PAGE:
“Get out there and go for it”: Meet your new sports/outdoors reporter | VailDaily.com

“Get out there and go for it”: Meet your new sports/outdoors reporter

A debut feature from your new sports/outdoors reporter

Ryan Sederquist is the Vail Daily sports and outdoors reporter.
Courtesy photo

On a perfect late September Saturday, a certain frustrated, overburdened public school teacher with dreams of being a writer was stewing in his own self-pity as he mindlessly drove south towards Buena Vista in a train of cars going 72 mph. Ascending the one uphill before the small, bustling Chaffee County community, an approaching truck hauling a skid-steer suddenly jackknifed. Vehicles converging upon the ensuing disaster had just enough time to brake, slowing to a stop a mere 20 yards from the out-of-control, twisting load. If everyone had elected to leave their homes five seconds sooner, it might have been different.

Fortunately, the truck was able to overcorrect twice without flipping. The driver hopped out, unharmed, and began directing cars around his vehicle, which sat perpendicular to the flow of traffic. With a newborn at home, it was one of those “life is precious” moments for this teacher … er, writer. Considering the day up to that point — sacrificing a weekend to make $50 writing a piece maybe 100 people would read, all to advance a dream still hankering for a big break, while a mountain of papers waited to be graded at home — made it a “give thanks for all things, and make the most of your opportunities” kind of moment.

Little did I know that in the race I was about to cover, the real “story within the story” wouldn’t be about the headliner — recent Ultra-Trail du Mont-Blanc (the Super Bowl of ultra running) back-to-back champion, 2018 Western States (the World Series of ultra running) champion, and 2017 Moab 240 champion (a race in which she defeated all of the boys, too), Courtney Dauwalter. Rather, it would be about a Boston man who finished 11 minutes outside of the race time cut-off. Brand new runner Paul Omar was listening to a podcast Dauwalter appeared on this past April when he felt compelled to register for his first running race ever. He signed up for September’s inaugural West Line Winder 50K, part of Buena Vista’s 14erFest. The longest he had run at that point in his life was 5 miles.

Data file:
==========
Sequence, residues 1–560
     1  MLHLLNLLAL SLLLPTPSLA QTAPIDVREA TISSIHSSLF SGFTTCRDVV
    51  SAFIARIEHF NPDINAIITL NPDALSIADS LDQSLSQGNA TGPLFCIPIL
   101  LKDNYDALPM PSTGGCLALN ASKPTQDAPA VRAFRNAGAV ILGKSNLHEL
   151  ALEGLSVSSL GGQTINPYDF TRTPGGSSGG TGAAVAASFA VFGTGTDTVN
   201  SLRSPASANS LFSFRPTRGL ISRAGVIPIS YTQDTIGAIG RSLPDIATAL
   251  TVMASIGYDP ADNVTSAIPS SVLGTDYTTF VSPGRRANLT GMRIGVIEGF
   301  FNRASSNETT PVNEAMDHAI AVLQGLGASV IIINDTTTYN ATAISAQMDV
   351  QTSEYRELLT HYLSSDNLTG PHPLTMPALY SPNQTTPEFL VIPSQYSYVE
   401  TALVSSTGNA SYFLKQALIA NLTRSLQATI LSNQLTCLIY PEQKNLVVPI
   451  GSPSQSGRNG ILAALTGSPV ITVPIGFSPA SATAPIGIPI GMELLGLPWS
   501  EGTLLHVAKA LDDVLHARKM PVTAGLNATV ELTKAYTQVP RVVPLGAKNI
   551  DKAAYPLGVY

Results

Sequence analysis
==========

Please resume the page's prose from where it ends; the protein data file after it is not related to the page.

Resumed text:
His story — my first feature in my new role at the Vail Daily — needs no more personal support. And so, in lieu of hijacking more than the hopefully attention-getting introduction, here’s to saying “hello” from yours truly, the new sports and outdoors reporter.

Unlike Mr. Omar, I’ve been dreaming of this for more than a few months. I recall being a homeschooled second grader, waking up early on the last day of the week to print and distribute the early edition of South Branch News, a 15-page school newspaper complete with breaking news, editorials and, of course, an ever-expanding sports section, to the student body — my twin brother. It didn’t matter what I had to work with — I always found the narrative. While serving this community, I promise to give 100% effort to be the best writer I can be. I’ll apply my John Woodenesque philosophy to promoting the people and passions of this valley with truth, discernment and joy.

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While it would be false to say my writing career started in the exact same manner as Paul Omar’s running life, that isn’t the point.

Looking back, I realized his story is one of shedding the unnecessary weight of fear that so often entangles and prevents us from venturing down the path we were destined for. It isn’t a perfect parallel to my career path, but it’s a worthy message we all perhaps ought to consider, and I’m grateful to make it my first feature.


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